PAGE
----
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A demonstration for women's rights. Photo: Adam Berry/Getty Images

Of the 138 elected and appointed officials accused of sexual misconduct in the last election cycle, 104 will be out of office by January 2019, according to a new study by Georgetown Law Professor Jamillah Bowman Williams.

The big picture: The #MeToo movement swept across industries, and confronted politicians from state legislature to the top of federal government. Men accounted for 135 of the officials accused of harassment, assault, violence against women, or other sexual misconduct.

Details: Williams' research identifies the accused as 14 members of Congress, 84 state lawmakers, 13 other elected officials, 25 appointed officials and two former government officials currently running for office.

  • 18 of them were accused in the 10 months leading up to the #MeToo movement's beginning; the other 120 were accused after the news of Harvey Weinstein broke.
  • 77 of those accused were not in the running for re-election on Tuesday because they decided against it, resigned, or retired. Two committed suicide.
  • 9 officials were removed from office.
  • 15 lost their primaries.

Yes, but: 27 officials ran for office again in the midterms, and 23 were re-elected or elected to new positions. One race is headed for a recount. Williams writes in the report that voters "were focused on other political issues, such as health care, immigration, and the economy."

  • The accusations against those 27 range from negligence — including Jim Jordan (R-Ohio) — to a rape accusation against State Sen. Joe Fain (R-Washington). They also include harassment, domestic violence, and sexual assault.
  • Two of those 27 lost their races to women.

The bottom line: The #MeToo movement had a profound impact on the conversation around sexual harassment and assault, and in encouraging survivors to come forward and confront their abusers. But it's unlikely this is nearing its end.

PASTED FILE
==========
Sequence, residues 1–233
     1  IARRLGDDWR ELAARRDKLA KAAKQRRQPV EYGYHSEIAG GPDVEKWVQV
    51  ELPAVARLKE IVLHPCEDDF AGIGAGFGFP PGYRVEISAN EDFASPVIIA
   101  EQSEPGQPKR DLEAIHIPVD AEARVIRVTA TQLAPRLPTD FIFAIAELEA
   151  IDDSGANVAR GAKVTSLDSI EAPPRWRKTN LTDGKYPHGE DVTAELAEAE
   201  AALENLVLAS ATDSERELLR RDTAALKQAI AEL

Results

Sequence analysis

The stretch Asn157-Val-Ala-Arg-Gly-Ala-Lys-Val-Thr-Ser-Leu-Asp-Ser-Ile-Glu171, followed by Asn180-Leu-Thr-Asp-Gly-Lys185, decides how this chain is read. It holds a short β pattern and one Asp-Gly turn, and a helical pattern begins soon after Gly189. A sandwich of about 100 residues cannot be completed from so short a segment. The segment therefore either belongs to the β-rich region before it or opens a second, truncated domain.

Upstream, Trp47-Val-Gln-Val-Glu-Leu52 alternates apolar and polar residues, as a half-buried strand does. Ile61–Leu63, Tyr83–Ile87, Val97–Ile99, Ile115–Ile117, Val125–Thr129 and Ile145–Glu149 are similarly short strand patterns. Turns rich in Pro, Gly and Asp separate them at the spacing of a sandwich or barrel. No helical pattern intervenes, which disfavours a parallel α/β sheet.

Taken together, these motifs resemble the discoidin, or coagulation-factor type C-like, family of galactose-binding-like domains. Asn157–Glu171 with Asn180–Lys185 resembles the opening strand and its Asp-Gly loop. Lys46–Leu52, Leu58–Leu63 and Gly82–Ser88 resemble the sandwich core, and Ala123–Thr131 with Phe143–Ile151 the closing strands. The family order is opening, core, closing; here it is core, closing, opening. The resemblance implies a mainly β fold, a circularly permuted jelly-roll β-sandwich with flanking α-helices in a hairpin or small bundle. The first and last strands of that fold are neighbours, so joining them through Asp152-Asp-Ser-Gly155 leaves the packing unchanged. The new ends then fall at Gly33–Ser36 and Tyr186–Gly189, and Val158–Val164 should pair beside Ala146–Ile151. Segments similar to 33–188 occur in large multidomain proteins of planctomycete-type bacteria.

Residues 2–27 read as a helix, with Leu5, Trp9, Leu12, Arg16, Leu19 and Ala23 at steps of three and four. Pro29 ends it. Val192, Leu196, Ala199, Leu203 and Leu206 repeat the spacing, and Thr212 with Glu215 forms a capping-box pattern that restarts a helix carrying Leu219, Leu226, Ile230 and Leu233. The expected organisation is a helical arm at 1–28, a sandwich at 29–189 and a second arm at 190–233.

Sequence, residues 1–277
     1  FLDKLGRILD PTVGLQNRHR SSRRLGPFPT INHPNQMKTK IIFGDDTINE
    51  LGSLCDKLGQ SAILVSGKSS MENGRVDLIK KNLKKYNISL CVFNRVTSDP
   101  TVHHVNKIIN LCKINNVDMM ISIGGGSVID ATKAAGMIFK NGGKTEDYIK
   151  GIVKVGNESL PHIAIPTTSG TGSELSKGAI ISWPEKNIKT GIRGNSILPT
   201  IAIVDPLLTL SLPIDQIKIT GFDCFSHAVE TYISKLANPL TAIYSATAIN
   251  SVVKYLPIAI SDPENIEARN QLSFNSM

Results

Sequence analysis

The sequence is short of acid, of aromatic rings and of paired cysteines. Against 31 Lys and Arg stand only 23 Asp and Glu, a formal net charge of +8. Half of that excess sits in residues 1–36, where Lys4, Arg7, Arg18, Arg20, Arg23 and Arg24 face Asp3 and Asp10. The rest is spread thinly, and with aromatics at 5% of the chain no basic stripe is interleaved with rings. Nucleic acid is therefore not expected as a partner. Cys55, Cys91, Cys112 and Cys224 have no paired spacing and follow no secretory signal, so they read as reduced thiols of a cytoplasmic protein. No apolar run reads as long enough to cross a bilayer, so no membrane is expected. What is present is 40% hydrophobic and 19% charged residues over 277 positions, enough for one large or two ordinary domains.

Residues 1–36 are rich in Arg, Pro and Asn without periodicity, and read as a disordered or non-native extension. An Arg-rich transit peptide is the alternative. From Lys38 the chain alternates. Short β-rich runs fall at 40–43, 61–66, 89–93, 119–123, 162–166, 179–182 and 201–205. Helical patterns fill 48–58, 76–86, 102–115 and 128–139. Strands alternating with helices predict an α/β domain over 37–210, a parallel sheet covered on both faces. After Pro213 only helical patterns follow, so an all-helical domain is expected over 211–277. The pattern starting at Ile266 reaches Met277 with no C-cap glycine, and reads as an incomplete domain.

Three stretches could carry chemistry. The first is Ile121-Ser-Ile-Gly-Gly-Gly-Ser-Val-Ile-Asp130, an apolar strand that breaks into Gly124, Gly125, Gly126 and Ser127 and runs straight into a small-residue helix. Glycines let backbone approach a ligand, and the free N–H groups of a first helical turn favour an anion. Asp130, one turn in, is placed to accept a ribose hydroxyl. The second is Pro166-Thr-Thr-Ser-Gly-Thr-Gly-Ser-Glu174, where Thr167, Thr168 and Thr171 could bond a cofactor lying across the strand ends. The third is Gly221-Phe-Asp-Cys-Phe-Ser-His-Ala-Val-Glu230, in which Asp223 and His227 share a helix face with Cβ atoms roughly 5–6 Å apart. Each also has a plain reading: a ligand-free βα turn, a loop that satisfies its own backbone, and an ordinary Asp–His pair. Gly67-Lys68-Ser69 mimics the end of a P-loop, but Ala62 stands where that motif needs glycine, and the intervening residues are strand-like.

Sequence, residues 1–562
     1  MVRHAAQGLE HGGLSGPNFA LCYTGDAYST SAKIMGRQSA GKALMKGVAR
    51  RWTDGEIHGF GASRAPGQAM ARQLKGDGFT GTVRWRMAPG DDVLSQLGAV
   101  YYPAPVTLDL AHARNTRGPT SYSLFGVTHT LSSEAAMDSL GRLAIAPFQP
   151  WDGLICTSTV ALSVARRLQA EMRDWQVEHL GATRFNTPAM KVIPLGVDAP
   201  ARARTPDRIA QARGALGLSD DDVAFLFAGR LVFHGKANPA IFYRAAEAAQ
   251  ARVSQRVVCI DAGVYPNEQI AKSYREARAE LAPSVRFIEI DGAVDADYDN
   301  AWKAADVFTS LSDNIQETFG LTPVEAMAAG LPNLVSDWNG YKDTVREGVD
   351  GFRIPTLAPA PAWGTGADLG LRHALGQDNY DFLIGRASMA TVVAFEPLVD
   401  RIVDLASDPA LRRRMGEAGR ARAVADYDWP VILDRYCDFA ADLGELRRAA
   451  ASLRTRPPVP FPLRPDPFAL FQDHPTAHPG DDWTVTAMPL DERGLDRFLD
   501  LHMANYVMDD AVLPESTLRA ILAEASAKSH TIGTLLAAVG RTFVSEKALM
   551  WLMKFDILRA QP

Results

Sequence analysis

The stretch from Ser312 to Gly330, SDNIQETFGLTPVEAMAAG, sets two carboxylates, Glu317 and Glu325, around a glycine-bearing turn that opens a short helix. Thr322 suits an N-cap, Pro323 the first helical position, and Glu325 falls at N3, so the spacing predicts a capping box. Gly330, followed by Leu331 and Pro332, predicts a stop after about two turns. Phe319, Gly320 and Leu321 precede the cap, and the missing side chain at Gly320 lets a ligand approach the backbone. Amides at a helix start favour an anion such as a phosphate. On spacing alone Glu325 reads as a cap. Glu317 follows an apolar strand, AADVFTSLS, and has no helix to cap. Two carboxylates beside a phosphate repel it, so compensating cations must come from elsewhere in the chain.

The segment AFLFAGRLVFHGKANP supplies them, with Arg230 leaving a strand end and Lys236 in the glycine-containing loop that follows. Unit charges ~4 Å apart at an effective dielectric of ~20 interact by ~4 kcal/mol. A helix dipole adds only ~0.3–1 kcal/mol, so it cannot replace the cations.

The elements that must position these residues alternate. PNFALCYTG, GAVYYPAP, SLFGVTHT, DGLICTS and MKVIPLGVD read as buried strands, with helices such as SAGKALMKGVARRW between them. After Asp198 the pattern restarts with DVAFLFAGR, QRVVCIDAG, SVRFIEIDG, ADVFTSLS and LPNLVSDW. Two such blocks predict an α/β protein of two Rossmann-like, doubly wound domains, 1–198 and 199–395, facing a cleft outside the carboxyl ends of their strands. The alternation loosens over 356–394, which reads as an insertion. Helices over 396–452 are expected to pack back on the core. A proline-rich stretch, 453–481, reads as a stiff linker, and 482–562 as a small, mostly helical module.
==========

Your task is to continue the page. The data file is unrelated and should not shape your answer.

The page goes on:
Go deeper

CPAC Republicans choose conservatism over constituents

Rep. Matt Gaetz. Photo: Elijah Nouvelage/Bloomberg via Getty Images

CPAC proved such a draw, conservative Republicans chose the conference over their constituents.

Why it matters: More than a dozen House Republicans voted by proxy on the $1.9 trillion COVID-19 relief bill in Washington so they could speak at the Conservative Political Action Conference, known as CPAC. And Sen. Ted Cruz skipped an Air Force One flight as President Biden flew to Cruz's hometown of Houston to survey storm damage.

Border Democrat warns Biden about immigrant fallout

Henry Cuellar (right). Photo: Tom Williams/CQ-Roll Call Inc. via Getty Images

A Democratic lawmaker representing a border district warned the Biden administration against easing up too much on unauthorized immigrants, citing their impact on his constituents, local hospitals and their potential to spread the coronavirus.

Why it matters: Rep. Henry Cuellar (D-Texas) told Axios he supports President Biden. But the moderate said he sees the downsides of efforts to placate pro-immigrant groups, an effort that threatens to blow up on the administration.

In CPAC speech, Trump says he won't start a 3rd party

Trump at CPAC on Feb. 28 in Orlando, Florida. Photo: Courtesy of C-SPAN.

In his first public speech since leaving office, former President Trump told the audience at the Conservative Political Action Conference (CPAC) that he would not start a third party because "we have the Republican party."

Why it matters: The former president aims to cement himself as Republicans' "presumptive 2024 nominee" as his top contenders — including former members of his administration — face the challenge of running against the GOP's most popular politician.